Blackleg and bacterial soft rot in potatoes
Blackleg is a major potato disease across all sectors of the potato industry in Great Britain causing non-emergence and stunting in the field. It is caused by several related bacteria that also cause soft rotting in tubers, sometimes devastating stored crops. The presence of rots results in the downgrading or rejection of seed, ware and processing crops. Even after successful storage, washing and pre-packing can inoculate and incubate tubers, leading to tuber breakdown in the supermarket.
Early attack may cause non-emergence or stunted, pale-green to yellow foliage, the upper leaves may be rolled, the stems black and often greasy in the region at ground level. The stems are easily pulled out of the soil. Late attack may cause collapse of fully developed haulm. Infection with blackleg-causing bacteria can be distinguished from leaf roll or stem canker (caused by Rhizoctonia solani) by the presence of blackened stems at ground level or blackened soft pith in dissected stems.
There are several related bacteria that can cause blackleg and soft rots. Plants with blackleg caused by Pectobacterium atrosepticum (Pba) often have yellowish foliage and have a wilted appearance. Stems become blackened and sticky at ground level.
When Pectobacterium carotovorum enters the haulm through wounds and natural openings in leaves and stems it can result in above ground blackleg symptoms (aerial blackleg). Visible symptoms appear above soil level as a slimy green-brown rot (less dark than the rot caused by Pba) which in time can result in the collapse of a stem.
Dickeya species can cause the plant to wilt, with the plant often taking on a bluish appearance. The stems have a brownish, sticky discolouration and the vascular tissues are stained light brown.
Visual symptoms alone do not necessarily identify the pathogen involved and blackleg symptoms can vary according to the prevailing weather conditions, irrespective of the species of bacterium causing the disease.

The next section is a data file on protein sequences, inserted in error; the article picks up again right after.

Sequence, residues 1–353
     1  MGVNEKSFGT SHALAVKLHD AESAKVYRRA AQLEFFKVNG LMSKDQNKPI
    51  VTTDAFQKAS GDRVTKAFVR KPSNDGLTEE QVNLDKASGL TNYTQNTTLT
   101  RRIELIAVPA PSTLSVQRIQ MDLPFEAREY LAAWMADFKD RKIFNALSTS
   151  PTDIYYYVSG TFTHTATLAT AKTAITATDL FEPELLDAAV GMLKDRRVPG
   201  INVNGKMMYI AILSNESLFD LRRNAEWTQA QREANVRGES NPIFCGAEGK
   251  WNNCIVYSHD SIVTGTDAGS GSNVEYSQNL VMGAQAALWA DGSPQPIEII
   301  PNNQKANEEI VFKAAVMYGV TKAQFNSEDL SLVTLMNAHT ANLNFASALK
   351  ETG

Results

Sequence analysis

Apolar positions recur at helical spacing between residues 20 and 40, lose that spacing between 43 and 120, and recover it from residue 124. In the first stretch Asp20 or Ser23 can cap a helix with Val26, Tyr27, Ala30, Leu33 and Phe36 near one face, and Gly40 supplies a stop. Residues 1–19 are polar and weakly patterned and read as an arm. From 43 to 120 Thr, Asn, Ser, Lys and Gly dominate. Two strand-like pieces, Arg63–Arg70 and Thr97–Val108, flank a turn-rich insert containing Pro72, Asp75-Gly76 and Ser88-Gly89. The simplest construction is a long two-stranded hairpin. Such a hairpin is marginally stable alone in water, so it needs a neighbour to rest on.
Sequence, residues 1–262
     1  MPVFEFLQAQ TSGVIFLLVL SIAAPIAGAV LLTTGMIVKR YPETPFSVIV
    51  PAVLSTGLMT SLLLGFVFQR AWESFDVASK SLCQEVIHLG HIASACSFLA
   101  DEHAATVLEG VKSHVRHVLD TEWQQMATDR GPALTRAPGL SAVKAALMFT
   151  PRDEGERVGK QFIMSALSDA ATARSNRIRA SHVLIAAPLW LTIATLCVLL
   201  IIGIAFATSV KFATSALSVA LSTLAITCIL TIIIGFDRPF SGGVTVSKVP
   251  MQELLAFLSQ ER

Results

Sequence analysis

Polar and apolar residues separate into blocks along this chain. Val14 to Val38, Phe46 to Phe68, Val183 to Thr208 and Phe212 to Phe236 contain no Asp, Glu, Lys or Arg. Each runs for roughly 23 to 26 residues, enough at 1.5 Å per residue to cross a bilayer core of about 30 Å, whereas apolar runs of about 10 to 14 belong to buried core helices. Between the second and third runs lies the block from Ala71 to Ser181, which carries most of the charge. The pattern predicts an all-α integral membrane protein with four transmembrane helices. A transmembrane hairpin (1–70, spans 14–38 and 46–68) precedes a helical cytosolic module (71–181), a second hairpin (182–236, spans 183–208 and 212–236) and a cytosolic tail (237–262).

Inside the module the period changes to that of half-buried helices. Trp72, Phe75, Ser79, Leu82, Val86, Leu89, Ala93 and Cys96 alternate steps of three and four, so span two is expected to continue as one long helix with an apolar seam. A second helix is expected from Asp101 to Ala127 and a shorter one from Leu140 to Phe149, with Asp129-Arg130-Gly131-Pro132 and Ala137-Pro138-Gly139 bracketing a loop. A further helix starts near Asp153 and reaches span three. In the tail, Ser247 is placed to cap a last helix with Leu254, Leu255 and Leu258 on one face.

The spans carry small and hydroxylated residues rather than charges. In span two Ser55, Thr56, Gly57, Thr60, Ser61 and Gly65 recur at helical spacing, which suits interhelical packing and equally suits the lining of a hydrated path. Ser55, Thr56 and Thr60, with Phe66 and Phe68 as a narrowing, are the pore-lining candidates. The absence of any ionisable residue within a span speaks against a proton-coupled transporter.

Blackleg symptoms in a potato plant
In tubers, the rot can start from infected wounds, lenticels and stolon ends. Symptoms of soft rot typically include soft, wet, cream-colored tissues. Diseased tissue is sharply demarcated from healthy tissue and sometimes has darker margins. It has little odour early on but will develop a foul smell as secondary organisms grow in the rot. The bacteria might also be present without any obvious symptoms (latent infection) until suitable conditions for disease development occur.
Soft rot in potato tubers
No potato varieties are immune to blackleg and soft rot but some are more susceptible than others: check ratings on the Potato Variety Database.
Use clean seed. Selecting earlier field generations is an option as is seed testing but subsequent weather conditions will be the biggest risk factor. Do not cut seed tubers.
There are no treatments or products that can be applied in the field to control blackleg. Plant in good conditions for vigorous growth. Excessive irrigation and rainfall can spread tuber contamination so ensure good field drainage and manage irrigation carefully. Rogue if necessary. Bacteria can multiply on dead plant material during desiccation so rapid haulm destruction is desirable especially in wet conditions. Harvest early in dry conditions provided there is a good skin set. Avoid mechanical damage. Clean graders thoroughly before the season starts and if possible, disinfect between batches to limit cross-contamination.
Do not store a crop with an incidence of rotting greater than 1 %. If rotting is apparent dry quickly using positive ventilation and begin a refrigerated temperature pull-down immediately. Do not pull-down too quickly as it is critical to avoid condensation, keep the range of crop temperatures within a difference of 4 °C. During long term storage, continue to prevent condensation.